The Great Debate

Are There Holes In Protein Research?

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Whether considering a total transition to a plant-based diet or just a reduction of animal products in favor of more fruits, veggies, and heart-healthy grains, one will notice a significant debate surrounding the topic of protein. How much do we need? Can we get enough without meat? What is a complete protein? So many great questions accompany this lifestyle change and are worth researching. We’ve broken down the most common of them.

Protein: Quality Over Quantity

Sifting through the overwhelming amount of information regarding our protein intake needs, we will try to highlight the consistently agreed upon recommendations and findings.

While the jury is still out on exactly how much protein individuals need, the recommended range tends to be consistent and, thankfully, can always be adjusted based on weight, energy and activity level. The Recommended Daily Intake (RDI) — commonly known to be the minimum needed (although proven to be at the top end of the true range) — is about .36 grams per pound of body weight. This means a 150-pound woman who doesn’t exercise needs about 54g of protein daily.

Experts seem to agree on one thing: the amount of protein is far less significant than the “protein package”. This means that it’s important to consider calories, fat, cholesterol and fiber levels that accompany it.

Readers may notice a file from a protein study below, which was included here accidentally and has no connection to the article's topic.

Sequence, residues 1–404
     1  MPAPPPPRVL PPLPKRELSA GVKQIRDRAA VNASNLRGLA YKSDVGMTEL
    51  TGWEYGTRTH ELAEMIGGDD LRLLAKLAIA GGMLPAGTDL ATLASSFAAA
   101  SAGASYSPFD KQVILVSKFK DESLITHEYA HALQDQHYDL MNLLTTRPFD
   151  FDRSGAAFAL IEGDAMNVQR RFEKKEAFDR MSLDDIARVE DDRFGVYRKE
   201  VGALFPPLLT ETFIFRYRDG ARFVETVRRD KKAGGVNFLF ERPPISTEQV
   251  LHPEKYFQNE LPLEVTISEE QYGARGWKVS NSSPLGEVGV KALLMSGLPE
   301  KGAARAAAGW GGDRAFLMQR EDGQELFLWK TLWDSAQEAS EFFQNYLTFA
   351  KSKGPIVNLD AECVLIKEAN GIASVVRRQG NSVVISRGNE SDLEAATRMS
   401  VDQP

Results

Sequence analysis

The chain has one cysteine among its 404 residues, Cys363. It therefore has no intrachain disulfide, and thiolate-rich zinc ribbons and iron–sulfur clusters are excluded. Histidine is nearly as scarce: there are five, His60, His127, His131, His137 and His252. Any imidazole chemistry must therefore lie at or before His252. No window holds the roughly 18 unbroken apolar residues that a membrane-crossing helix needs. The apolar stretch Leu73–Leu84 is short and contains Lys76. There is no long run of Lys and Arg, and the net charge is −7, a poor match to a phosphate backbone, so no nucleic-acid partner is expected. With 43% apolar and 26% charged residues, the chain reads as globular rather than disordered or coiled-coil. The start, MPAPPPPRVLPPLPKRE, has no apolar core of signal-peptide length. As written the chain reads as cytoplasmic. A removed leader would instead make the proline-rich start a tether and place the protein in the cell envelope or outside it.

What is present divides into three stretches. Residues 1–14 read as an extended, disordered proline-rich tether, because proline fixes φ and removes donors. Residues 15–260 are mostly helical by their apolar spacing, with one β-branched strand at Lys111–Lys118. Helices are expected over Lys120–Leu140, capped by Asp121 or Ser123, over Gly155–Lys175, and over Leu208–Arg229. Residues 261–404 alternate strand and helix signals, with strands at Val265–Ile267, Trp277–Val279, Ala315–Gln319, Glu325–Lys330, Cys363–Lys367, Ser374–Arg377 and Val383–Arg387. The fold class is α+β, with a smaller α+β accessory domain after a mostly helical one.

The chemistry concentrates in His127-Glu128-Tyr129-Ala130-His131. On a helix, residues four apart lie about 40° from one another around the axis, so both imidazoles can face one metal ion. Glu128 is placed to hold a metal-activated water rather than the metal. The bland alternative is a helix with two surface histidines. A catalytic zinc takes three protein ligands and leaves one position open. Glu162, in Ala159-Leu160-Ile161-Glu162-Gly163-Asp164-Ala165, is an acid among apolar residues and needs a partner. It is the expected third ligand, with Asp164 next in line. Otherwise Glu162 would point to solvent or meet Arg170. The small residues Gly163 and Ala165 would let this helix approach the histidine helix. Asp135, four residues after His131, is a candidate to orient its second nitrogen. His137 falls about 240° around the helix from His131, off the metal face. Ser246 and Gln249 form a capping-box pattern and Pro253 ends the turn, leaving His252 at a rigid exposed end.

The Harvard Medical Journal stresses this, stating, “aim for protein sources low in saturated fats and processed carbohydrates, and rich in many nutrients.”

Across the board, we find that the type of protein we eat is far more important than the amount.

What is a complete protein?

A complete protein refers to one that contains all 9 essential amino acids, considered as such because our bodies cannot produce them so we need to get them from our diet.

Read on to learn where the confusion began.

Falsehoods printed as far back as the 1950s started a myth that still seems to be alive and well today: that it is difficult to get sufficient or “complete” protein on a plant-based diet. This misinformation was debunked long ago, but convenience seems to have favored fact as retractions went unprinted.

“Today, if you calculate the amount of each essential amino acid provided by unprocessed plant foods and compare these values with those determined by [William] Rose (biochemist and nutritionist), you will find that any single whole natural plant food, or any combination of them, if eaten as one’s sole source of calories for a day, would provide all of the essential amino acids and not just the minimum requirements but far more than the recommended requirements.” — Jeff Novick, MS, RD The Myth of Complementary Protein

So, if we study this out comprehensively, we learn that not only is it more than possible to get enough protein on a plant-based diet, but that plant protein is far superior to that of animal products. Why? Because animal-based proteins are accompanied by saturated fat, cholesterol, and substantially more calories than that of plants, all contributing factors to heart disease, cancer, diabetes, obesity and a plethora of other health concerns.

When we take the leap of faith and trust that the earth naturally produces all the amino acids our bodies need to be healthy and thriving, we see results that far exceed expectations. Reports of medication reduction and even elimination, clearer skin, allergy relief, reversal of diabetes, higher energy levels, more efficient muscle recovery are just a few.

Stay tuned as we will cover more about protein intake in future articles.

Eat your veggies and be well!

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